Friday, July 25, 2008

Friday 7-25

My Two Cents will be going on hiatus next week--as we move our show to the EAA Airventure grounds. And speaking of Airventure, I have a few suggestions to make the event better for everyone involved:

1--Shorten the event. There's nothing going on out there that can't be accomplished in just four days. So let's run the Airventure from Thursday through Sunday. Attendance likely won't take much of a hit--since the first three days usually see very light attendance anyway. It would also make a "week-ling" pass cheaper for those who can't miss a single minute.

2--Build some real bathrooms out there. For those who visit Airventure for just a day, having to use the porta-johns may not be that bad. But when you spend the entire week out there, you get a bit tired of having to go in the johnnie. Sometimes you just like to have a few creature comforts when you have to go. Permanent bathrooms are part of the improvements the EAA plans for the grounds in the future. That's almost reason enough for me to support the city kicking in two-million dollars to help in the projects.

3--Return to limited flight line access. I know there are more than a few plane owners who agree with this one. Put the chain link fences back up and allow only EAA members and other approved visitors along the flight line area. This was common practice until a few years ago--when the EAA realized more people might come out and pay full price if they got closer to most of the aircraft. Unfortunately, most of the people who fly to Oshkosh would prefer that the "general public" not get so close to their planes.

4--Dump the "Airventure" name. The EAA pushes the name hard--using it on all official signs, programs and T-shirts. But, two-thirds of the people who attend just call it "Oshkosh" and all of the old-timers still call it "The Fly-In". "Airventure" means nothing to the general public. To fit in with every other event here in Wisconsin the name should really be "Airplanefest".

5--Get chocolate soft serve at all of the ice cream stands on the grounds. Zaug's has never explained to me why only one stand--located just west of Aeroshell square--serves chocolate soft serve. Every other one only has vanilla. Who wants only vanilla? Why does that one stand always have a long line? It's obviously because of the chocolate. Give the people what they want!!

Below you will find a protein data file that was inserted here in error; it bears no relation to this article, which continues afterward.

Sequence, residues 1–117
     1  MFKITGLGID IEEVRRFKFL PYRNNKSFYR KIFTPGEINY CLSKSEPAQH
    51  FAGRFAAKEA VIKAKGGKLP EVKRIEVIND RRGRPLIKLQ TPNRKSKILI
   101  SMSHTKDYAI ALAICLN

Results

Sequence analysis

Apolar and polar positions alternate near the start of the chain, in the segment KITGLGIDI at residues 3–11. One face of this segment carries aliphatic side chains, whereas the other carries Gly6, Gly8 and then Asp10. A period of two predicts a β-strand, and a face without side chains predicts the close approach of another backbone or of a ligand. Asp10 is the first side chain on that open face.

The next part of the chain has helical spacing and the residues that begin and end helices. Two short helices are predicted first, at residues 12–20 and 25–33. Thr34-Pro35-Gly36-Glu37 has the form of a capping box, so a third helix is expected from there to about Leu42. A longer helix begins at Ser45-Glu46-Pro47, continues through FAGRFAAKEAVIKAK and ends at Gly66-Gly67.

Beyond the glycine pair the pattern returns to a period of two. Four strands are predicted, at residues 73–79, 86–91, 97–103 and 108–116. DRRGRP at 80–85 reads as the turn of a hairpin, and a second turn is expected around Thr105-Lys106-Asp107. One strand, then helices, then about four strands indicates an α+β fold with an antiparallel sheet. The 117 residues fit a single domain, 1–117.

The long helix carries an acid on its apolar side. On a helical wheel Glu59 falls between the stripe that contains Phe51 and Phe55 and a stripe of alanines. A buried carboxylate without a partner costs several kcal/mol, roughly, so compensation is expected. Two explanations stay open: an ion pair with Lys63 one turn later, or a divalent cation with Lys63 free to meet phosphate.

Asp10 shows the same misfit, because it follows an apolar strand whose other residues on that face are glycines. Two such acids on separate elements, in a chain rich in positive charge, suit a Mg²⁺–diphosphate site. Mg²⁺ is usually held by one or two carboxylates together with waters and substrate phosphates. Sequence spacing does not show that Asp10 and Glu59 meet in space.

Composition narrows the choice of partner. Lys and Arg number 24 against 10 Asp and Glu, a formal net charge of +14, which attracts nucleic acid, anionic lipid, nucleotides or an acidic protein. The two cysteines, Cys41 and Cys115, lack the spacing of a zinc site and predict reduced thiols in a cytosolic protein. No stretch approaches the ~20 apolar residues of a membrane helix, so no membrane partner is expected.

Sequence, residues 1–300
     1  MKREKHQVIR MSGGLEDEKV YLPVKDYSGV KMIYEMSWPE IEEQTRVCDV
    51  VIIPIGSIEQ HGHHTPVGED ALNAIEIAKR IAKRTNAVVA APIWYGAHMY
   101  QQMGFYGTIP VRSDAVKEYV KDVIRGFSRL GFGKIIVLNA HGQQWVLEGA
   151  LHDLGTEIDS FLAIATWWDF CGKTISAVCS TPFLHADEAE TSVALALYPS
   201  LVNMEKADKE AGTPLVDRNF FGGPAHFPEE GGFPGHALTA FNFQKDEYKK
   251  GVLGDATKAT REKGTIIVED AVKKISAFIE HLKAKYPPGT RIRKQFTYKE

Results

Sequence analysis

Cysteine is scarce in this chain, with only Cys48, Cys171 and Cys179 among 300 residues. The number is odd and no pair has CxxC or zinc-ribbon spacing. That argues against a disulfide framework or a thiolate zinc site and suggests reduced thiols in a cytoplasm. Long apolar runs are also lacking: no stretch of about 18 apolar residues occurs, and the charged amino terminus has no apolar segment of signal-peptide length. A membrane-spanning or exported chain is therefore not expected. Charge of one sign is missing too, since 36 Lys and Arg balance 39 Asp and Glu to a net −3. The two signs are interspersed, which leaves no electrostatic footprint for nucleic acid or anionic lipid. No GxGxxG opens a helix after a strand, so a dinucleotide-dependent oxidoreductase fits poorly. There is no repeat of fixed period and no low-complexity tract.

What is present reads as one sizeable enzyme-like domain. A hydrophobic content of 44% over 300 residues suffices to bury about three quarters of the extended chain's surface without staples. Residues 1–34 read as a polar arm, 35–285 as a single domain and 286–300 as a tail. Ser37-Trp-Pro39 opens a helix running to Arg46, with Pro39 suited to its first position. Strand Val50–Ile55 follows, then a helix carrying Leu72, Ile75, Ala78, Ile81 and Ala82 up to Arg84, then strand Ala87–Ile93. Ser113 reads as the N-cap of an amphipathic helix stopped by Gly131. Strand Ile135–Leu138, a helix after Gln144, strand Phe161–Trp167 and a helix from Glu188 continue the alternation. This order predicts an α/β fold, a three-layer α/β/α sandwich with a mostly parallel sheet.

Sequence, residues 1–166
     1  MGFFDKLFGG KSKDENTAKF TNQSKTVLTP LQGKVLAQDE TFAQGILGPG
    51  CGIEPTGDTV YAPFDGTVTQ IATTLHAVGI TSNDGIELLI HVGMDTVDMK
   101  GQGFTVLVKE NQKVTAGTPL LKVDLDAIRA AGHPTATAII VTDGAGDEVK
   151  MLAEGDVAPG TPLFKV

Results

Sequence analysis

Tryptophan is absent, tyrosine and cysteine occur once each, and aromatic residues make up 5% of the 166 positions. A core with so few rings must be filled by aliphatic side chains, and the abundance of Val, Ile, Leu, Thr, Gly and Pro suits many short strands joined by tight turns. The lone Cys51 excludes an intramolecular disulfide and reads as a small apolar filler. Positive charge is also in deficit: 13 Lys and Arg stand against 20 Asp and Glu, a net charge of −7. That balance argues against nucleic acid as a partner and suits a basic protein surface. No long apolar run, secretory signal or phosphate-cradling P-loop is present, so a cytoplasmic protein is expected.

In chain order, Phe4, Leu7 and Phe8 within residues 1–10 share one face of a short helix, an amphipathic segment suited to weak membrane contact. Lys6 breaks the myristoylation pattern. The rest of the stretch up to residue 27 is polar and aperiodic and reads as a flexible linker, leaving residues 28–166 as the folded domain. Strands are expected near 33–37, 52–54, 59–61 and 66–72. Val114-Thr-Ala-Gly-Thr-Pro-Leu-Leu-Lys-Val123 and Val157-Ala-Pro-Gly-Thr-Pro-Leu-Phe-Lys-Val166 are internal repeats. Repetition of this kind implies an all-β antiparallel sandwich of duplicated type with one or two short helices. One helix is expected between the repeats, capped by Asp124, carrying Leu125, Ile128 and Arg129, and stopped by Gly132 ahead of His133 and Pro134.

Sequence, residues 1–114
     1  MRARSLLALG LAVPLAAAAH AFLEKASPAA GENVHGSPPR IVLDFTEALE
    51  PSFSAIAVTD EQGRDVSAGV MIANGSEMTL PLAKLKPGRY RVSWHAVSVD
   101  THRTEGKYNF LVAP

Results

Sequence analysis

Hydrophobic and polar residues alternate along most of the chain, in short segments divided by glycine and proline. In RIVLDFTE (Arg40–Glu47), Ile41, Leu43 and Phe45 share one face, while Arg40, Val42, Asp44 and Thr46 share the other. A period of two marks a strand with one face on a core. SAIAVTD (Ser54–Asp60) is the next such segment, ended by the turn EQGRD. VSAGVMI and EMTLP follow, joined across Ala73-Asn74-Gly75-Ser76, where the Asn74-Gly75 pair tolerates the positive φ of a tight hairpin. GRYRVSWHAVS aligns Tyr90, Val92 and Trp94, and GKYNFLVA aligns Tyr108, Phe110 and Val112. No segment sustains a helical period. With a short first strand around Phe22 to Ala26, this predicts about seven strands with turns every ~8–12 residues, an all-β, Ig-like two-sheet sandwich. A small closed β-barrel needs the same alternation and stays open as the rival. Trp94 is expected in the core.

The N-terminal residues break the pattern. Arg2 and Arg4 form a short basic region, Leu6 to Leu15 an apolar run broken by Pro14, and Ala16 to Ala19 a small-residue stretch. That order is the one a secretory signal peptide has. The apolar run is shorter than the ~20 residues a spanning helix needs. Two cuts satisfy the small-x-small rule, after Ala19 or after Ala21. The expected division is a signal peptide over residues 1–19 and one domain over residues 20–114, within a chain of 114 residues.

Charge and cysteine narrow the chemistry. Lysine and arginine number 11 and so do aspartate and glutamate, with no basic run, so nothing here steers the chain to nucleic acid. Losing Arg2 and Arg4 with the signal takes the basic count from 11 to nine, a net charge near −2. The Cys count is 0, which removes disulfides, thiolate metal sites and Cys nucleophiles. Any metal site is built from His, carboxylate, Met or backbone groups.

We'll see you at the Fly-In.

Thursday, July 24, 2008

Thursday 7-24

As many of you know, I am an avid golfer. And that is why it pains me so much to see the demise of public golf courses here in the Fox Valley. As you likely know, the City of Appleton is looking at selling Reid Municipal Golf Course--as it continues to lose money and the city can no longer afford to subsidize it. Those of us who see the money numbers for Lakeshore Municipal Golf Course in Oshkosh know it hangs on a delicate edge as well--as it is burdened by debt incurred a few years ago to fix drainage problems on the course.

As someone who has railed against the foolish spending of public dollars I really have no choice but to side with those who question the use of tax dollars to subsidize a golf course. The muni course was a product of the early part of the century--when the game of golf was growing in popularity--but access was limited to those who could afford to join country clubs. To open up the game to everyone, cities and counties built their own courses--and were able to make money on the venture.

Over the years, entrepreneurs have built public access or daily fee courses that don't require membership--and don't receive public financing. Those course tend to be more expensive than the munis--but the quality of the course tends to be higher as well. That competition has left public course in a tough spot. To keep their niche, they need to keep greens fees low--but then that forces cuts in maintenance--which usually leads to poor conditions and fewer people willing to play there. That further cuts revenues and creates a death spiral for the course. Another complicating factor is that fewer people are getting into the sport.

Appleton and Oshkosh are not alone in this situation. "Golfweek" magazine had a cover story on "Municipal Courses in Crisis" just a couple of months ago. The issue discussed the mass closures of public courses across the country--as cities and counties could no longer justify the cost. Some munis are getting facelifts in hopes of bringing golfers back--but most continue to languish.

So if area golfers want to keep those public courses open and worth playing, they need to make sure to get out there and play. It probably wouldn't hurt to bring along three friends as well.

Monday, July 21, 2008

Monday 7-21

We had a couple of really nice classic car shows in the area over the weekend--a show hosted by our "oldies" sister station at Fox Valley Technical College on Saturday, and the annual Pierce Park show on Sunday. Seeing all of those classic vehicles got me to thinking: What will car shows be like 25 or 30 years from now?

Will middle aged men swoon over rows of Saturn SL2s? Will they point to the interior of a minivan and say to their sons "Wow, that has the seatback DVD player just like the one we had when I was a kid"? Will we hear "Man, there was nothing better than an Infinity Q45 when I was growing up"?